Those of you who know me, know that I love to change things up. From simple style changes to complete makeovers – I do it all. With every change I make, I get different reactions from people that know me well and that don’t know me at all. I am always amazed at the things people will say or do because of my appearance. It sometimes becomes like a social experiment. Because of a recent change I made, this blog topic seems very timely. For those of you looking forward to the Skinny Fat post…it will come next, promise!
There is a lot of weight around first impressions. People say that they can make or break you. I really didn’t want to believe this, but more and more, I am starting to think they’re right. I have seen, first hand, how my appearance can make people uncomfortable, intimidated, angry, happy and even excited. Oprah did a show that highlighted this very thing. The camera crew followed a lady into a jewelry show that was dressed in every day clothes, hair in a pony. The sales associates wouldn’t help her because they assumed she didn’t have money to spend. The next day she returned to the store after a makeover and experienced the exact opposite. She was even served a drink and taken to a special room to preview exclusive merchandise.
I’ve had EVERY hairstyle you can imagine. Here are some of them and the reactions I’ve received:
Long, natural, dark brown hair, in a high ponytail or slicked back: Paired with my fit physique, women always thought I was a stripper. I was also told I was unapproachable, snobby, intimidating and that I belonged in a video game.
Long, blonde, curly hair: All men were attracted to me. Women rolled their eyes at me, like I was immature and stupid. They were always somewhat annoyed to learn the curl was natural.
Short, pixie, black hair: Women loved it! I was no longer intimating. Instead people described me as being adorable and said I reminded them of Halle Barry. Hispanic men, no longer looked at me, at all. Caucasian men were intimidated and even questioned if I was gay. African American men loved it and were more attracted to me.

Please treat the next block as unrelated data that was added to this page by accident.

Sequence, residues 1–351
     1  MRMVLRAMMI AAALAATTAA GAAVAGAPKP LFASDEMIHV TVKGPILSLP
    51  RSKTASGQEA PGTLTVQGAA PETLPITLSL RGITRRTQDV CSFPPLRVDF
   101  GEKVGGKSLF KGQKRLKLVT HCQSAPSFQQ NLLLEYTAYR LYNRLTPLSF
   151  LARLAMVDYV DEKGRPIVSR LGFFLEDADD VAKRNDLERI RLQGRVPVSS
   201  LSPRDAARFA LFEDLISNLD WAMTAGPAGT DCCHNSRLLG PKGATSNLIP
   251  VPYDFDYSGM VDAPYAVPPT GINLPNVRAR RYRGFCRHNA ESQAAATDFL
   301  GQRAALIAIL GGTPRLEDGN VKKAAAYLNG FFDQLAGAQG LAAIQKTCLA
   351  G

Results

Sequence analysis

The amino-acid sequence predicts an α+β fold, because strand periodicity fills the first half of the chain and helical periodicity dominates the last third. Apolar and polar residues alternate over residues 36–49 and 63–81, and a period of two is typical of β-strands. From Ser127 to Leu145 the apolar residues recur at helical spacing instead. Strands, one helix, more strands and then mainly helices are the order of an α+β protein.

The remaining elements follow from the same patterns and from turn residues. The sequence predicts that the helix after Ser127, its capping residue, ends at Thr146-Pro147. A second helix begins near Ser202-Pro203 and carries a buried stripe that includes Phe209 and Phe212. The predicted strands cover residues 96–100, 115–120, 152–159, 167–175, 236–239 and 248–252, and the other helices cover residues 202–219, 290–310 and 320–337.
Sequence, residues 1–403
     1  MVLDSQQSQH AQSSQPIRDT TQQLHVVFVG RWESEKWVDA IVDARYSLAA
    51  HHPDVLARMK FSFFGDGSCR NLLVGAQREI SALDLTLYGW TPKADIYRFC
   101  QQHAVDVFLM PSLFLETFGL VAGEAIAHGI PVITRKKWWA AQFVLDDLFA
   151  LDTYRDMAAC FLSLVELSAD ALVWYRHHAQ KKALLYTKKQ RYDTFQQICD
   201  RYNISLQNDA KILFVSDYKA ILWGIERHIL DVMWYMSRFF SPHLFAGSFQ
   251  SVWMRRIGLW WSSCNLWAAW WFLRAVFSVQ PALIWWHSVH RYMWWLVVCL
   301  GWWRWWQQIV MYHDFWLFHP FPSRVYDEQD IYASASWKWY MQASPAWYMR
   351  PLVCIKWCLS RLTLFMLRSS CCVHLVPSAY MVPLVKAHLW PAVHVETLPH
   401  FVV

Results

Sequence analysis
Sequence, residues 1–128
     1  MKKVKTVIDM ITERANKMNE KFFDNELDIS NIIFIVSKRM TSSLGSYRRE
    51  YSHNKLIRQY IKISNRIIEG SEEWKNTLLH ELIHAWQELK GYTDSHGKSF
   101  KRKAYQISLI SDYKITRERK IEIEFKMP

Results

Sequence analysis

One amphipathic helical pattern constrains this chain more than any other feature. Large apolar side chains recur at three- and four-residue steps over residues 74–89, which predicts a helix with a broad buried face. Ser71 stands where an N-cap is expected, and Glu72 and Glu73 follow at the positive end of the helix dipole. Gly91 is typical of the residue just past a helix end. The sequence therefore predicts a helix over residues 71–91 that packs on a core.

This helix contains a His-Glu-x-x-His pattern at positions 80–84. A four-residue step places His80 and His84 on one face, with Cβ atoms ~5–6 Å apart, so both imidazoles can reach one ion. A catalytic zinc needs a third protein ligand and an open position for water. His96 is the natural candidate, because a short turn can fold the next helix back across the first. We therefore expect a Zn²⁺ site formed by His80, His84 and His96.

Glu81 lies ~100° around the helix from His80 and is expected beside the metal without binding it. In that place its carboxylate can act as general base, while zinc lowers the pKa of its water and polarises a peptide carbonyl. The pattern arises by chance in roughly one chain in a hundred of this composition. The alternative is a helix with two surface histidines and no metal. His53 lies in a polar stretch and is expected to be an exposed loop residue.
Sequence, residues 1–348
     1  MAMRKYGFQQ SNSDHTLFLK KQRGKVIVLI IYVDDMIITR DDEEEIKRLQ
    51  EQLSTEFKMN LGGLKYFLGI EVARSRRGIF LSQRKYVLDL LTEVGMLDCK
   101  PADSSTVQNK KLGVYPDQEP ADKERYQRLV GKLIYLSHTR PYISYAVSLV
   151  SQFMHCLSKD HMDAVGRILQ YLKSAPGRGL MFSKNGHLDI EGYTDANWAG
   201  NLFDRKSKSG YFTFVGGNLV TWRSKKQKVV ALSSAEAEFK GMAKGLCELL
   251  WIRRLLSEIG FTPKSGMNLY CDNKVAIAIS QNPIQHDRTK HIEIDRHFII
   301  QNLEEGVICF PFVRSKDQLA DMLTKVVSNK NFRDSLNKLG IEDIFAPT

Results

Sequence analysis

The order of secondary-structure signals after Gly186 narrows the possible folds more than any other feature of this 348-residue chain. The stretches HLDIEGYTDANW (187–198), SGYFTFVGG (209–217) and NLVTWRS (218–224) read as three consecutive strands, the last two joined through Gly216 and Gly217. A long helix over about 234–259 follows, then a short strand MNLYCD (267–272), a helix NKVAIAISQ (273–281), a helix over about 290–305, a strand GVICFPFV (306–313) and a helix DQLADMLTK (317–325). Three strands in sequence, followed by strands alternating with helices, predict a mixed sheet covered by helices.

Short, pixie, bleached hair: “Oh My God, It’s PINK!!!” Everyone loved my, short, bleached white hair. They described me as sassy but when I wore it as a faux hawk, I was again questioned if I was gay.
Short, red hair: People said I looked sassy, sexy and a bit feisty. One went as far as saying I looked bitchy.
Dreadlocks: Someone asked if I was bi-racial and even asked if I was making fun of the African culture. I was ignored by a clerk in a drugstore and denied a discount at another store. Two women in a parking lot even pointed and laughed. But I also have gotten a lot of positive feedback…especially from the younger generation.
And then there are my tattoos…
I have had people move in a restaurant so that they did not have to look at my Ivy Vine tattoo on my back while they were eating. And people always ask me if I am worried about what it will look like when I am 80. I always say the same thing….”probably a bush, on top of my tush.”
I once had a client who I helped save from having surgery on her back by getting rid of the pain. She didn’t realize I had tattoos and piercings. She voiced her opinion that people with tattoos and piercing are not well educated and don’t have a place in society. I instantly showed her my tattoos and tongue piercing and said, “If you hadn’t met this, uneducated, tattooed, pierced, low life, you would be having back surgery right now.” She was shocked. Let this be a reminder that by being quick to judge people, you could miss out on great things.
I honor and respect all cultures and all races, styles, and groups. I love expressions of the soul. DON’T JUDGE, DON’T HATE, DON’T BE AFRAID OF THE UNIQUE. EMBRACE ALL!!
How about you? Have you been mistreated, or judged because of your appearance?